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Racism vs. Systemic Racism

By Srabon Nath

There are two main types of racism and while both are unacceptable, they have different consequences on the directed group of people.

Plain racism is racism that is done by individuals. Racist individuals will direct their ideals and actions upon a select group of people and this can cause this group of people to feel inferior. Racism can range from a few individuals with abnormal racist ideas to a whole society having a collective racist opinion. However, as long as racism is limited to just the assumptions and opinions of people, it is still considered just racism.

Systemic racism is racism that is rooted deep in the very legislation of a society. This means that a society can be governed in a way that the group of people facing racism is not allowed to legally have rights. This also means that in a society with systemic racism, the laws are written in a way that prohibits a group to move forward in society socially, economically, or academically. Systemic racism might be discrete as well. It doesn’t have to be clearly written out in laws. Racism can corrupt institutions that, in an unspoken manner, carry out the racist ideals of society.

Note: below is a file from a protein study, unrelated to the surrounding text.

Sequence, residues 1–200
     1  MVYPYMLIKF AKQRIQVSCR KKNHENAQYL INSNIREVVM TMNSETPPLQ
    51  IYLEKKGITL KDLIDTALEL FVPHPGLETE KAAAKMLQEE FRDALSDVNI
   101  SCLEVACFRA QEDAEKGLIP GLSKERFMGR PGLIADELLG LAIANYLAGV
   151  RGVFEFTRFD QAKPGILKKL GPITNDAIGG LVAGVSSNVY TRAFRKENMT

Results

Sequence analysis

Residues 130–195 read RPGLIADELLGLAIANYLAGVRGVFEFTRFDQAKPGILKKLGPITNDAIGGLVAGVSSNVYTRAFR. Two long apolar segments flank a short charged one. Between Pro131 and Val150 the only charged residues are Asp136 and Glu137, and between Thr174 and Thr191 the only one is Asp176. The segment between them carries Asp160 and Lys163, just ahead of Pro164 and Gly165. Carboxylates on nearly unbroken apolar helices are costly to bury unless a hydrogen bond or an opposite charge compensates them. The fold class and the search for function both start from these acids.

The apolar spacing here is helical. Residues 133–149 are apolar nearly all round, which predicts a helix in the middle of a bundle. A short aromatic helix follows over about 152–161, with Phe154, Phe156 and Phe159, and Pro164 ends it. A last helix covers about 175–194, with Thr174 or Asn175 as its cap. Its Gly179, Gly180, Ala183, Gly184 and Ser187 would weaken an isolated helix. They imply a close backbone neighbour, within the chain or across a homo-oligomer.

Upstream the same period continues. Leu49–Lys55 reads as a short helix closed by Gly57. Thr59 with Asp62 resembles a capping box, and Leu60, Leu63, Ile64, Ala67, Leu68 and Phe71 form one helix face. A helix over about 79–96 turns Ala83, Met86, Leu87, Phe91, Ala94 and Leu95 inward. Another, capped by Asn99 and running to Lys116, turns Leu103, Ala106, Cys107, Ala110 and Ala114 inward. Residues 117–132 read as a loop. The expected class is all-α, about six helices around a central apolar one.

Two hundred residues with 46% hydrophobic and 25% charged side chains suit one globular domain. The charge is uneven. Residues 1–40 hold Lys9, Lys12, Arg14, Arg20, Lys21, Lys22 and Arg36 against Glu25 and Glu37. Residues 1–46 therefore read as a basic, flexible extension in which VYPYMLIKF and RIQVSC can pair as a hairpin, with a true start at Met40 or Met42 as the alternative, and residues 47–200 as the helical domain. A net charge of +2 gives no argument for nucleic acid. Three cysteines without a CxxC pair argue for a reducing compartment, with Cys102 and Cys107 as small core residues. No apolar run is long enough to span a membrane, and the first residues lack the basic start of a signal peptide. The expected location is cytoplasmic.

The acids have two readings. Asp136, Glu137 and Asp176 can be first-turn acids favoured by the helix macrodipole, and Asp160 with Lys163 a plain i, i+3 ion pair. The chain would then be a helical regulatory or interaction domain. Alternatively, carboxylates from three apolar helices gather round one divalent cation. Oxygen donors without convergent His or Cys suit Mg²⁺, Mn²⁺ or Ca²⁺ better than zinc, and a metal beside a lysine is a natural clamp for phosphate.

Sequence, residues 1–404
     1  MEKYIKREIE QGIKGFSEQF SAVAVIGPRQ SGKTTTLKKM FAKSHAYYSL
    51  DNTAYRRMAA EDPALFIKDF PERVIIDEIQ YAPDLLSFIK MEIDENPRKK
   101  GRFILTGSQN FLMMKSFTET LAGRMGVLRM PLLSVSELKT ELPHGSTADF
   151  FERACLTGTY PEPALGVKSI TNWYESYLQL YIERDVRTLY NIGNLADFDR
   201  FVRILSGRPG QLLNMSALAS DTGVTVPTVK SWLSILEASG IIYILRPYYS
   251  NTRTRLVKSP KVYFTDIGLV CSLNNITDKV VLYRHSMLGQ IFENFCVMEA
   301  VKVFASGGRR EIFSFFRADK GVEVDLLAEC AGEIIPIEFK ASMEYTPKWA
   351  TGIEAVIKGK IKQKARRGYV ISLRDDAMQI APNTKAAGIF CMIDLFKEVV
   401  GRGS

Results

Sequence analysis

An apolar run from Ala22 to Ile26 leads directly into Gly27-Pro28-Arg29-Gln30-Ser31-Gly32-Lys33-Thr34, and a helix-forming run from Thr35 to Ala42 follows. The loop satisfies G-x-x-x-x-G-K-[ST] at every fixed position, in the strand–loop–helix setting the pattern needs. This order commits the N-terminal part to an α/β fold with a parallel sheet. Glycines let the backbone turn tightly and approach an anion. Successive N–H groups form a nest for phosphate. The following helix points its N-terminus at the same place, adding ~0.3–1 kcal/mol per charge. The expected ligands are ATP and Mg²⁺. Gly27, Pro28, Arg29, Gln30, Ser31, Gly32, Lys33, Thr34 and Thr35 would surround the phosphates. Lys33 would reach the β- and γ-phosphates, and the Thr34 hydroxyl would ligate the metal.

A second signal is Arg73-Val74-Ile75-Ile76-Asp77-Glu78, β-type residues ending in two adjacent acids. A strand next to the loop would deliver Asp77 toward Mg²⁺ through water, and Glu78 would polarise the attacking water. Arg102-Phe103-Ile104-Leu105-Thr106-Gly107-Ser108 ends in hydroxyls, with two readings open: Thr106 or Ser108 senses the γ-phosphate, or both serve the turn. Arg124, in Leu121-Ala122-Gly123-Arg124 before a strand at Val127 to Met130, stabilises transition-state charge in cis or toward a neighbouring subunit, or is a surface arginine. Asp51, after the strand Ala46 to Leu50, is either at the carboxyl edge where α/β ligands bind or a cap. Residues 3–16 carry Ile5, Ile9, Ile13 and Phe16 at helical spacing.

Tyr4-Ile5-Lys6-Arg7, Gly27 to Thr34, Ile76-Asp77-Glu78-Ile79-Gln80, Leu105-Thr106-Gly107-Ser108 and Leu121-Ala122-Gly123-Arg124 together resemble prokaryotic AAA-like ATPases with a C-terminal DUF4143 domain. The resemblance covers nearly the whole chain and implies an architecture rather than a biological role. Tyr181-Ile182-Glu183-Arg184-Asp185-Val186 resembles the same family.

There are many examples of both racism and systemic racism. An example of racism would be a child of a certain race being made fun of by their peers. The racism here only exists because of the racist ideals of the peers. On the other hand, examples of systemic racism would be segregation of different races, Jim Crow laws, and taxes directed toward certain races of people. Most of these examples of systemic racism, though, are not really present now as outright racist legislation cannot be easily passed. However, that doesn’t mean systemic racism doesn’t happen. It still discretely plagues society. For example, people of certain races not receiving a job because of their race, an outrageous amount of people from a certain race being jailed, and certain races receiving unfair judgments in a court show how systemic racism can still be present without it being directly stated anywhere.

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